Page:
If you are looking to establish a quick and dirty Intranet server that will do more than just serve up web pages, take a careful look at Internet Factory's Commerce Builder. Running on NT, it comes with a bundle of web, web/ftp/gopher proxy, and chat servers and couples all three with a powerful macro scripting language that is fairly easy to use.
The chat server makes Commerce Builder interesting: you can establish threaded conversations easily through the use of your browser and a simple setup routine on the server side. It is not as fully featured as RadNet nor anywhere as robust as a Unix Network News protocol server, but if you just need bare-bones discussions this may be all the software that you'll need. All users access the chat room via a web browser, and add their comments via web forms. It is extremely straightfoward.
Commerce Builder's web server is setup completely through either its own Window's Control Panel tabbed dialogs or through a remote web browser connection. Not all administrative functions can be accomplished remotely, but you can start and stop the web and chat servers and configure most of the major items. The tabbed dialogs are a bit confusing at first, since some screens have almost a dozen different tabs to navigate. For example, there are separate tabs for setting up the remote administration, ODBC drivers, users, performance variables, and the like. Luckily, you won't have to mess with many of the defaults.
To show its level of integration, Commerce Builder comes with almost a dozen different Performance Monitor variables that you can track, which is about as many as Microsoft's IIS includes. In terms of its features, it supports advanced features such as "keep alives" that increase performance and response times, something not found on your garden-variety web server. And for Intranets, it has extensive access control lists, so you can limit which users will view which portions of your web site. All of this is good news.
But the real gem and centerpiece of this product is its Server Macro Expansion feature or SMX. These are a series of proprietary HTML language extensions that do everything from page hit counters to string manipulation to accessing ODBC databases. They are recognized by putting a special command at the beginning of your HTML file, and then including the various macros as part of the text of your web page. The server processes the macros when the page is requested and displays the results. It sounds simple, and apart from one fatal flaw, it is. The flaw is their documentation: while there is a separate manual that describes each macro and what it does, there are few clear examples. Overall, the explanations of the SMX syntax is incomplete or confusing, which is frustrating because the language is quite powerful.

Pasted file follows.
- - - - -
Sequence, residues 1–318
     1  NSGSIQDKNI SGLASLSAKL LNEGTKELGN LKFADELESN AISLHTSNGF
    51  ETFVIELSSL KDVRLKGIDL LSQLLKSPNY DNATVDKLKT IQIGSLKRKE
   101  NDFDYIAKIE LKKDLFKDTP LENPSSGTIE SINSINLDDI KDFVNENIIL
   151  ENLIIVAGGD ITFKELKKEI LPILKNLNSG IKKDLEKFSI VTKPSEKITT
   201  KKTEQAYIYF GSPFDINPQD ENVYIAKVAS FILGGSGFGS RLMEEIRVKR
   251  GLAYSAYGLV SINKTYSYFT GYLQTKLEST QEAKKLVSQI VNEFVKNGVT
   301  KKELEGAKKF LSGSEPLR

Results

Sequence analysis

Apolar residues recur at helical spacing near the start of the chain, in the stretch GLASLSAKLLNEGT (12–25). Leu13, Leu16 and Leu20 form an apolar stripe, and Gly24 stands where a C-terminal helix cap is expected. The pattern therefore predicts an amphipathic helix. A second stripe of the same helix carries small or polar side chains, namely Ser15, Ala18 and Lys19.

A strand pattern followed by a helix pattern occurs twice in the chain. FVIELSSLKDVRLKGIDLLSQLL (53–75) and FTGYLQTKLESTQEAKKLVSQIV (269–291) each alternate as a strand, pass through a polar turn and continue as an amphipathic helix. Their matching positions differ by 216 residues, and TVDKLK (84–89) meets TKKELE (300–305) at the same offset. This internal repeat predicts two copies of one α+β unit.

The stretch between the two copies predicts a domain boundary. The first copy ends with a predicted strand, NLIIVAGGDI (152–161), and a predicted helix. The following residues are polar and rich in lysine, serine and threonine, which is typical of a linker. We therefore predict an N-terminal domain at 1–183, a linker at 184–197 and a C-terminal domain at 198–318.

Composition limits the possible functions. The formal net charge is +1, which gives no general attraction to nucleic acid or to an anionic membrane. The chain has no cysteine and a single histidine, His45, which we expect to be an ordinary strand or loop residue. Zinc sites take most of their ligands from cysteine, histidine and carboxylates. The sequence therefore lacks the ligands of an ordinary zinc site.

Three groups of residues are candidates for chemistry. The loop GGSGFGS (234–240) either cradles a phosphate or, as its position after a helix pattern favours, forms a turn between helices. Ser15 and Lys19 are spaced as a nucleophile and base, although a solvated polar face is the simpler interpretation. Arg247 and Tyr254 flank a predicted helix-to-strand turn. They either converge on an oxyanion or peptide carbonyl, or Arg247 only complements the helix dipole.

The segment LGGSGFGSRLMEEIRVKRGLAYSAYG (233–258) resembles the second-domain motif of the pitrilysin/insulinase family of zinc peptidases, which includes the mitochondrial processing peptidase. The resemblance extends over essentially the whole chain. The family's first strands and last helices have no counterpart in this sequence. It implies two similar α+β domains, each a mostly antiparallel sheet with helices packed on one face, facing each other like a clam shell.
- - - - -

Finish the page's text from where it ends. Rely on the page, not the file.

Commerce Builder has reasonably good documentation of the server itself, and also comes with various on-line web pages that you can view to see various examples of how to run and setup the server and walk through various features.
I tested Commerce Builder on NT Server 3.5.1 on a Compaq 486/50 with 32 megabytes of RAM, which I would recommend as the minimum machine configuration for the product. There are other versions available for Power PC and Alpha NT processors and for Windows 95 machines (although the Win95 version doesn't have all the features of the NT version). Overal, the product is ideal for internal servers: it is quick to setup and simple to run.
Pros: Easy to setup and configure
Cons: Macros are powerful, but lack good examples.
The Internet Factory
Pleasanton, CALIF 94566
510 426 7763
510 426 9538 fax
Price: $396 (Intel), $595 (PowerPC and Alpha)
Platforms: Windows NT (Intel, Power PC, Alpha), 95
Copyright 1996 Infoworld Publishing Co.